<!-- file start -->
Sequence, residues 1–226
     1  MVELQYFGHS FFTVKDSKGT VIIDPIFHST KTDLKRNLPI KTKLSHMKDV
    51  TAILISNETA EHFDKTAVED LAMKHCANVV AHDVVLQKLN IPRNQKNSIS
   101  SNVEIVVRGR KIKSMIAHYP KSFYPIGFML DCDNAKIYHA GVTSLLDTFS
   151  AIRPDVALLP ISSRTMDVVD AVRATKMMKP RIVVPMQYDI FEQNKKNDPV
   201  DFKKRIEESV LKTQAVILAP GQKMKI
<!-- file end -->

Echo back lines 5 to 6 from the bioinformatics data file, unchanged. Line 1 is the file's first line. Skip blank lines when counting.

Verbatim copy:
   151  AIRPDVALLP ISSRTMDVVD AVRATKMMKP RIVVPMQYDI FEQNKKNDPV
   201  DFKKRIEESV LKTQAVILAP GQKMKI